Minnesota's waterfowl hunting season opens Saturday and the odds are good hunters will see lots of ducks.
Wet weather in recent years has helped keep duck populations high despite the loss of their grassland habitats to farming, said Steve Cordts, a waterfowl specialist with the Minnesota Department of Natural Resources. Breeding duck numbers are up 30 percent from last year, DNR surveys show.
Cordts, though, cautioned that the cold spring might mean fewer young birds survived.
"This year the cold and the late ice out we had -- everything was delayed," he said. "The nesting effort was probably as late as it's ever been. We had a very poor nesting year for Canada geese and it probably played a role for ducks as well."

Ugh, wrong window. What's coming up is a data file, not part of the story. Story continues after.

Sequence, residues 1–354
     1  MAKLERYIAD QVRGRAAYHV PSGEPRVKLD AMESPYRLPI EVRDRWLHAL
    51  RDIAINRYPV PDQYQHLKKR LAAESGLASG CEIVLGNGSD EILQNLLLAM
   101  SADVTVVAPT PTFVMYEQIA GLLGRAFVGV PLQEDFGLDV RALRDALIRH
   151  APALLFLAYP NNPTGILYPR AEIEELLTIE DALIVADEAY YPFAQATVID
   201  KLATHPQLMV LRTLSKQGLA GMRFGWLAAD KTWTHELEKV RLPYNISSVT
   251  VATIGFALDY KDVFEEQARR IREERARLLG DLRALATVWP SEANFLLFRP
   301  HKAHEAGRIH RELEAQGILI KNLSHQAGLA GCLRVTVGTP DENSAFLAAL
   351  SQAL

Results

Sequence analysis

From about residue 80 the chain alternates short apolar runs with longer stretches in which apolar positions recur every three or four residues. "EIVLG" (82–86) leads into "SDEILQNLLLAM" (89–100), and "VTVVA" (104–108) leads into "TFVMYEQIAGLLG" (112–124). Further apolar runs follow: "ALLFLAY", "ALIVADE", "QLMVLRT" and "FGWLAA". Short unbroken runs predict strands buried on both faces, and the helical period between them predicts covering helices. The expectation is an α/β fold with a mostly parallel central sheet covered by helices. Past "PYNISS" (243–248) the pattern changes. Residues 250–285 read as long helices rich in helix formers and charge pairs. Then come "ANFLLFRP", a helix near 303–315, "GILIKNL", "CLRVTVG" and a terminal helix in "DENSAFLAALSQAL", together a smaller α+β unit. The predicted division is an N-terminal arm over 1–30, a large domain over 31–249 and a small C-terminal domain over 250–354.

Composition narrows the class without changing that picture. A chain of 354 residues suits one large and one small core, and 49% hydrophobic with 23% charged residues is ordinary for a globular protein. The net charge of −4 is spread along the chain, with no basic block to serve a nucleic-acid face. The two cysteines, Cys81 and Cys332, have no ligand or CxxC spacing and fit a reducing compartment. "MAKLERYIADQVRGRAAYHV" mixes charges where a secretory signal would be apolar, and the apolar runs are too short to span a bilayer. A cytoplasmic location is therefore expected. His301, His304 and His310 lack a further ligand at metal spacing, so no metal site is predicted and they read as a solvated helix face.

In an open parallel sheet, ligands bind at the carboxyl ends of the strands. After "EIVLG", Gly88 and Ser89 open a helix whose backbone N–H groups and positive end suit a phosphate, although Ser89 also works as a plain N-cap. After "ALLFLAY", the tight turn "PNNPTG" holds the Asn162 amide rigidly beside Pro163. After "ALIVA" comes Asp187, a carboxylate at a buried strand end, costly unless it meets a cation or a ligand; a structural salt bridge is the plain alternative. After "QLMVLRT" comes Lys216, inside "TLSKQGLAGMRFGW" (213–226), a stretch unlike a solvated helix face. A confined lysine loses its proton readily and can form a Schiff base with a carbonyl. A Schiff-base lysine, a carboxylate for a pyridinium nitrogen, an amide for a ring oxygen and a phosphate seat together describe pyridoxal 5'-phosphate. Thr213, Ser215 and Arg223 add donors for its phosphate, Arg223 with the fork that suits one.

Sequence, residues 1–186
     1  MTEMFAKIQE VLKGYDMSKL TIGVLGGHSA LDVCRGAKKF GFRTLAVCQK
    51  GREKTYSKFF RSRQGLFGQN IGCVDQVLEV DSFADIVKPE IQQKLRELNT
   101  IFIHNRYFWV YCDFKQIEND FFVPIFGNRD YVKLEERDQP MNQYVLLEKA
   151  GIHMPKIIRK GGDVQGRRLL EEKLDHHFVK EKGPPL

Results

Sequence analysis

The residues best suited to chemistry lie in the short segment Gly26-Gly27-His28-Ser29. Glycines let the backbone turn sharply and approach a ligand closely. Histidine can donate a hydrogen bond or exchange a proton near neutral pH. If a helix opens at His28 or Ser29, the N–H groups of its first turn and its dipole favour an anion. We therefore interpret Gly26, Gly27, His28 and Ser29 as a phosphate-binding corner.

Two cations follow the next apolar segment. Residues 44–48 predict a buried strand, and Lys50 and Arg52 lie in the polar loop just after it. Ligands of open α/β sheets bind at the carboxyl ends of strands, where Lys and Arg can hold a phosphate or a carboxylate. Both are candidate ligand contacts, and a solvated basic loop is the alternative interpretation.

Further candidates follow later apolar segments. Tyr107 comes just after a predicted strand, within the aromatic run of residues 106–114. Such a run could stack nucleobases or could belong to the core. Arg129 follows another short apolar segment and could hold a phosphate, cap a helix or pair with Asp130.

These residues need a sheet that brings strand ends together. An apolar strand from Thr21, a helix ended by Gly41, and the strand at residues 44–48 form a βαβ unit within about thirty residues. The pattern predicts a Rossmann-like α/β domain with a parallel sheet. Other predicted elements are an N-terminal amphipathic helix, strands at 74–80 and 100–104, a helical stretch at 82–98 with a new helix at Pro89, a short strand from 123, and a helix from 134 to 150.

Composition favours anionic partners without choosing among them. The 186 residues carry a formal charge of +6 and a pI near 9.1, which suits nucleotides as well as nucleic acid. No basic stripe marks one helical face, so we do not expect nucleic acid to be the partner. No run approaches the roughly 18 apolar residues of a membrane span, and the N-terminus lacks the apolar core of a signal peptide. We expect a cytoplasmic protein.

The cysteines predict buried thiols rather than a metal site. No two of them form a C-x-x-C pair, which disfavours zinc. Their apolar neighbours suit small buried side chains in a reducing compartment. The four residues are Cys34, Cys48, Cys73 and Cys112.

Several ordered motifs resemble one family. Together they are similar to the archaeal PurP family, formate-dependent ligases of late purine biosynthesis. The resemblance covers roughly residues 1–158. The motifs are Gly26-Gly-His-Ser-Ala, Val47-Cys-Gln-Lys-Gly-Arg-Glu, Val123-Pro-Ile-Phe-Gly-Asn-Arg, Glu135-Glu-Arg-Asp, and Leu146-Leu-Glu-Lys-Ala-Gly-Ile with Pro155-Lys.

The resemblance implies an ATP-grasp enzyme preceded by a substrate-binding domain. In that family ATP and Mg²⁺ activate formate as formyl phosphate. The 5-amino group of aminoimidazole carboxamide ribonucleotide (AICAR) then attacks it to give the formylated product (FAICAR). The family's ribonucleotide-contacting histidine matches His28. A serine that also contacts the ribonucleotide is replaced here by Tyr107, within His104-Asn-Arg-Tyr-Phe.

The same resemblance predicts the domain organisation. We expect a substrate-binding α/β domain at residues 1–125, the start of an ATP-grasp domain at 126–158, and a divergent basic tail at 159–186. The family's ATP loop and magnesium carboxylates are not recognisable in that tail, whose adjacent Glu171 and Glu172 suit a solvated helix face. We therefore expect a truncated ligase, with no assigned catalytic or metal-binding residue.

The loss of grasslands -- farmers have plowed under millions of acres in recent years to plant corn and soybeans - is a longer term concern that may surface in the spring, Cordts added.
"I think we'll really notice the impacts to duck populations when we get into some drier conditions and you have both loss of grass and drier conditions in the springtime," he said.